Anaximenes was a pupil of Diogenes the Cynic and Zoilus and, like his teacher, wrote a work on Homer. As a rhetorician, he was a determined opponent of Isocrates and his school. He is generally regarded as the author of the Rhetoric to Alexander, an Art of Rhetoric included in the traditional corpus of Aristotle's works. Quintilian seems to refer to this work under Anaximenes' name in Institutio Oratoria 3.4.9, as the Italian Renaissance philologist Piero Vettori first recognized. This attribution has, however, been disputed by some scholars.
The hypothesis to Isocrates' Helen mentions that Anaximenes, too, had written a Helen, "though it is more a defense speech (apologia) than an encomium," and concludes that he was "the man who has written about Helen" to whom Isocrates refers (Isoc. Helen 14). Jebb entertained the possibility that this work survives in the form of the Encomium of Helen ascribed to Gorgias: "It appears not improbable that Anaximenes may have been the real author of the work ascribed to Gorgias."
According to Pausanias (6.18.6), Anaximenes was "the first who practised the art of speaking extemporaneously." He also worked as a logographer, having written the speech prosecuting Phryne according to Diodorus Periegetes (quoted by Athenaeus XIII.591e). The "ethical" fragments preserved in Stobaeus' Florilegium may represent "some philosophical book."
Anaximenes wrote a history of Greece in twelve books, stretching from the gods' origins to the death of Epaminondas at the Battle of Mantinea (Hellenica, Ancient Greek: ), and a history of Philip of Macedon (Philippica). He was a favorite of Alexander the Great, whom he accompanied in his Persian campaigns, and wrote a third historical work on Alexander (however, Pausanias 6.18.6 expresses doubt about his authorship of an epic poem on Alexander). He was one of the eight exemplary historiographers included in the Alexandrian canon.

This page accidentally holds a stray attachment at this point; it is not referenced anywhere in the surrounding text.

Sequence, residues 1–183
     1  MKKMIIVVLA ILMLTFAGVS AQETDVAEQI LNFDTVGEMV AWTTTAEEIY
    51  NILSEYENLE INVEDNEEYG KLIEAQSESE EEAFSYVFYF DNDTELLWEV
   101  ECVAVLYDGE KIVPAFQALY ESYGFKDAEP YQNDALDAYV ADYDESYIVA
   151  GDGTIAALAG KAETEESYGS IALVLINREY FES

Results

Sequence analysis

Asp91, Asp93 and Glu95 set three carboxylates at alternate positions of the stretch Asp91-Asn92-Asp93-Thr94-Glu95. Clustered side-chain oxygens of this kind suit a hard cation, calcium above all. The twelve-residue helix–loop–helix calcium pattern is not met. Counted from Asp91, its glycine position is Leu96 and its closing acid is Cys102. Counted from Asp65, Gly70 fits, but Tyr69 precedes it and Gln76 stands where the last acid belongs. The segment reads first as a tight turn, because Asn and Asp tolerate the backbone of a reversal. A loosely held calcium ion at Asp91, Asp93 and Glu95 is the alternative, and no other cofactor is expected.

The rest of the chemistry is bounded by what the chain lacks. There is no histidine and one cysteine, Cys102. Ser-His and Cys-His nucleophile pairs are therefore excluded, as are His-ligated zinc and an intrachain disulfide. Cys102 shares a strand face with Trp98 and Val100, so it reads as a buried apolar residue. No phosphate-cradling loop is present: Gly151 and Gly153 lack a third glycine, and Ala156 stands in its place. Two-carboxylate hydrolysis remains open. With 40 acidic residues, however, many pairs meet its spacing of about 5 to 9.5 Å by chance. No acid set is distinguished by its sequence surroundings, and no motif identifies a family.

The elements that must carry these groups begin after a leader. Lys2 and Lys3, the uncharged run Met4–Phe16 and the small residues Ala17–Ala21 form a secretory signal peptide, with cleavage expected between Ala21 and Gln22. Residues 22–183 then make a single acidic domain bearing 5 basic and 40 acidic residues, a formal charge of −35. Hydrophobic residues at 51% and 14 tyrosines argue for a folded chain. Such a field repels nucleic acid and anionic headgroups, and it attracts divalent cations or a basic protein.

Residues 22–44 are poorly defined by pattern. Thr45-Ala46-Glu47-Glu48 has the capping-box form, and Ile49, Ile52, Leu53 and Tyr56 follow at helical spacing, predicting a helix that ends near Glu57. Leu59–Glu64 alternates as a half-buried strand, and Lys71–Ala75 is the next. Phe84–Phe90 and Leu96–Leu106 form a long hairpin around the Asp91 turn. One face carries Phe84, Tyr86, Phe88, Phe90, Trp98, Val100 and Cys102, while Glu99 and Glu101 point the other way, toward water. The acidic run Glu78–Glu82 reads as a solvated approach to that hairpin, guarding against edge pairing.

Didymus reports that the work transmitted as speech 11 of Demosthenes (Against the Letter of Philip) could be found in almost identical form in Book 7 of Anaximenes' Philippica, and many scholars regard the work as a historiographic composition by Anaximenes. The Letter of Philip (speech 12) to which speech 11 seems to respond may also be by Anaximenes, or it may be an authentic letter by Philip, perhaps written with the aid of his advisers. The more ambitious theory of Wilhelm Nitsche, which assigned to Anaximenes a larger part of the Demosthenic corpus (speeches 10-13 and 25, letters 1-4, proems), can be rejected.
Plutarch criticizes Anaximenes, together with Theopompus and Ephorus, for the "rhetorical effects and grand periods" these historians implausibly gave to men in the midst of urgent battlefield circumstances (Praecepta gerendae reipublicae 803b).
The people of Lampsacus were pro-Persian and Alexander was furiously angry, and threatened to do them massive harm. In order to save their women, children and homeland they asked from Anaximenes to intercede. Alexander knew why he had come, and swore by the gods that he would do the opposite of what he would ask, so Anaximenes said, 'Please do this for me, your majesty: enslave the women and children of Lampsacus, burn their temples, and raze the city to the ground.' Alexander had no way round this clever trick, and since he was bound by his oath he reluctantly pardoned the people of Lampsacus.